Tarts for sale!
Thursday, September 15, 2011

Today, we finished off all the tarts from yesterday. We brushed them with egg wash, baked, and finally glazed the apricot tart, mirabelle tart, chausson aux pommes (apple turnover), and dartois aux amandes (almond filled puff pastry). Our mirabelle tarts and apricot tarts were also good enough to be sold at the restaurant!

Mirabelle Tart. Made of basic puff pastry dough, almond cream, and mirabelles. Baked, glazed, sprinkled with sugar and ready to be sold!

Apricot Tart. Made of basic puff pastry dough, almond cream, and apricots. We glazed and sprinkles chopped pistachios on the side. One side of my apricot tart was burned because we all had too much fun decorating and forgot about our tarts. But we cut these in half so the unburnt half was sold.

For the chausson and dartois, we made a decorative pattern on the surface with the tip of a small knife after applying the egg wash. This actually requires more precision than I imagined. You have to apply just the right amount of pressure with the knife so as not to cut too deep into the dough, and at the same time keep the blade of the knife at an angle. If you don’t keep the blade of the knife at an angle, the pastry will split in opposite directions as it rises in the oven.

Chausson aux Pommes, close up.

We each made 6 of these and yes, I brought all of them home, yum.

Dartois aux Amandes.

Dartois aux Amandes. A side view of the flakiness of inverse puff pastry.

Cross-section of inverse puff pastry. Just some flakey, buttery goodness.

Another trick to give the chausson and dartois extra shine was to brush the top with a sugar syrup the instant you take it out of the oven. I love the sizzling sound it makes when you do this. The syrup is equal parts (by weight) water and sugar. Just bring to a boil and use.

After baking the tarts, this is the point when all your mistakes in the previous steps become visible. Chef inspected all our final products in detail and told us where we went wrong. Some examples.

1. When laying a second piece of dough (separate, not folding) on top of an existing, don’t try to stretch it to make it fit perfectly because it will retract when it bakes. This was a common problem for the dartois aux amandes.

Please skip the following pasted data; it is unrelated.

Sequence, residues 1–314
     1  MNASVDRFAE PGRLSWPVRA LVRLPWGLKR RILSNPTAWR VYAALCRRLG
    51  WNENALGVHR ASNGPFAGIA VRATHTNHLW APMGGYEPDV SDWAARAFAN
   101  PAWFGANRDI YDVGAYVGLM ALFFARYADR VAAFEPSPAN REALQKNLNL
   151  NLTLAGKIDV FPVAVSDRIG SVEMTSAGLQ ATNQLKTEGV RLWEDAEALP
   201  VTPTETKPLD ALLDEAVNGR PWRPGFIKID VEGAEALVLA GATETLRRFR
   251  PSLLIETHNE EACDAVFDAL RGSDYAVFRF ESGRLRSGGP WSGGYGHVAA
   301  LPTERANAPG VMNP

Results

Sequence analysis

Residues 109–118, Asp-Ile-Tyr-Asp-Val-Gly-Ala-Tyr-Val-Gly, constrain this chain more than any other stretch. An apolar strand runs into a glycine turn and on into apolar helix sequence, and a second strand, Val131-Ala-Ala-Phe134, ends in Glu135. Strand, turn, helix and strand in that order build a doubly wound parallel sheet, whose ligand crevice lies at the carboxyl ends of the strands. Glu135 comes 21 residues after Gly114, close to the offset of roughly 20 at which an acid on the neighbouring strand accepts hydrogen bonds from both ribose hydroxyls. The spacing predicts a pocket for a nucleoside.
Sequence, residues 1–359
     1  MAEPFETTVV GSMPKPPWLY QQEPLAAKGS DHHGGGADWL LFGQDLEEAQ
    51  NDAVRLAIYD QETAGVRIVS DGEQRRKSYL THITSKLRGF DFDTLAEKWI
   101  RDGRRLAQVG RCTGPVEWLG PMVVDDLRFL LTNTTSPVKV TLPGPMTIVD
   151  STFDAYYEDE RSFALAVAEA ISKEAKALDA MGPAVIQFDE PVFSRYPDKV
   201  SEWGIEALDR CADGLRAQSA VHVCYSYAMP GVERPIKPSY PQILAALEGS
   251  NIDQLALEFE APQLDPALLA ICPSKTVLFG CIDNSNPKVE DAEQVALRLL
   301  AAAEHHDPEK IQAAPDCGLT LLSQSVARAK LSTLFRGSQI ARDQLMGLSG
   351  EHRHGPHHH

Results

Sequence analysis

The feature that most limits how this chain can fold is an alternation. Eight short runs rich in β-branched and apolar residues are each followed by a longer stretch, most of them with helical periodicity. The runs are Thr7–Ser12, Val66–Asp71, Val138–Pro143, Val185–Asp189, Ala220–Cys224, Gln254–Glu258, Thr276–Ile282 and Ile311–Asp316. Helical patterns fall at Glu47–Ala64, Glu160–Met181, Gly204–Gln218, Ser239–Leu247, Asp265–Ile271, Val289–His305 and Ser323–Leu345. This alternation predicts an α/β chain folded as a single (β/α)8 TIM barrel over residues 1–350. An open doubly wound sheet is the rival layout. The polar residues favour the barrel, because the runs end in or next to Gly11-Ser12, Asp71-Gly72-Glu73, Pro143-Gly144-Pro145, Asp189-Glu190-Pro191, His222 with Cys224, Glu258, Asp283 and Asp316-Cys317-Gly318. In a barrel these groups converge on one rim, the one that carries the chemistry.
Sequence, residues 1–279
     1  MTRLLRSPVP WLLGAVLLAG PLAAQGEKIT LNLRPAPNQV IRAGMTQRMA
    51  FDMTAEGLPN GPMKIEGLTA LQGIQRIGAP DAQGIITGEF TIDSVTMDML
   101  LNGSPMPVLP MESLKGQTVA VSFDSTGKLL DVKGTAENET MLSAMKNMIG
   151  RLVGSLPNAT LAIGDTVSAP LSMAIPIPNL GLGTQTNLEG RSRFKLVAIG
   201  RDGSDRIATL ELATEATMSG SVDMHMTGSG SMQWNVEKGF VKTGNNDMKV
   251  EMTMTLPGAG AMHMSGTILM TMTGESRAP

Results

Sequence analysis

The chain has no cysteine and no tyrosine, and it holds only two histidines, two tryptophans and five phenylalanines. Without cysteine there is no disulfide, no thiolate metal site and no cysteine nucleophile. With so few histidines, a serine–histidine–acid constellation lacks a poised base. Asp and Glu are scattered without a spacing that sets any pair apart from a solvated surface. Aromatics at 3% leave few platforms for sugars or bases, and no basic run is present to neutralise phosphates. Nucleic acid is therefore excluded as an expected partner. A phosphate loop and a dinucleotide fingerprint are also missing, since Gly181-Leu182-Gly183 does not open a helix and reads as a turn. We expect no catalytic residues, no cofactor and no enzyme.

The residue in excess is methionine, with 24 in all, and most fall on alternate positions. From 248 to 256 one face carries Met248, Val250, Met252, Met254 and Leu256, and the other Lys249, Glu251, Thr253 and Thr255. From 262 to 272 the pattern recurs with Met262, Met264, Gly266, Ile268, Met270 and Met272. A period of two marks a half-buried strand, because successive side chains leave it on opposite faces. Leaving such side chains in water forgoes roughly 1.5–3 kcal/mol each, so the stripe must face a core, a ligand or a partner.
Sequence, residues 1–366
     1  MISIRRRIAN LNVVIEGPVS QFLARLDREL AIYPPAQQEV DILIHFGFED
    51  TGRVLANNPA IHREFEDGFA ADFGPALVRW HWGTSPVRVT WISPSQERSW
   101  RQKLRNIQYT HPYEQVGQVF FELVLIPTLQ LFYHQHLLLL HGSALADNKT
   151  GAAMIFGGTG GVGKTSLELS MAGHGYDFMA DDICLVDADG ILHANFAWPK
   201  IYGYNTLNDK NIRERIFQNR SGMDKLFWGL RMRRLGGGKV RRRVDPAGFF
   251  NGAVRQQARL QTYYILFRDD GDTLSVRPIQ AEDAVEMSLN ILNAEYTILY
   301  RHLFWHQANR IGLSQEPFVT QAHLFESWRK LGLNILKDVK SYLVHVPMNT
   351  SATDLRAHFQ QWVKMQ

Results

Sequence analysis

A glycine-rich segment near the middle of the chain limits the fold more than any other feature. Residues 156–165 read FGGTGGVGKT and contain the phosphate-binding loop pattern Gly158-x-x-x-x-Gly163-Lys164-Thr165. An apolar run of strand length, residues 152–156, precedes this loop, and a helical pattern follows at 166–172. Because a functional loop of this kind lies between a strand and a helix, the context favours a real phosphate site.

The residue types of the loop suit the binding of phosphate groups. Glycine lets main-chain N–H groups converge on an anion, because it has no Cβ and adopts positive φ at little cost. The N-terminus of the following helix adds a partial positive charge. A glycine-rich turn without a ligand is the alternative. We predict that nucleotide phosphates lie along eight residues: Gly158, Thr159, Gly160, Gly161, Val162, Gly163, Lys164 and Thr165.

2. During the tourrage stage (rolling and creating multiple layers), make sure you apply equal pressure to the dough when rolling or else you get uneven layers of butter and dough and your pastry will not rise evenly. And be sure not to over flour your dough when rolling or else it will not brown nicely.

3. When making a puff pastry with filling, make sure there are no air pockets or else it won’t have a smooth surface.

4. Make sure the filling doesn’t spill out or it will burn.

5. When rolling into the final shape, make sure it’s the right thickness.

6. When sealing the chausson, apply just the right amount of pressure with your fingers or else it will deform when it rises. If too much pressure, it will puff and open too much. If not enough pressure, it will rise unevenly.

Chef noted the chausson on the left may not have been rolled evenly during the tourrage stage. For the chausson on the right, it was not sealed well enough.

So what did we do all day as we baked these tarts? We ate of course. We ate the flakes of puff pastry that fell off, the parts we trimmed off, the parts that were a bit over browned, the parts that caramelized from the juices of the fruits. I was definitely oozing with butter by the end of class.

Too much pastry talk? No? Well, more next week!

One Glorious Comment
  • Cam
    |
    October 18, 2013
    Hi Emily, I really love and enjoy reading your blog, this part about puff pastry interested me very much. I usually buy prepared puff pastry at the grocery and make Pate Chaud, turn out very flaky and buttery too☺️. I don't have the patience and talent to make it from scratch like u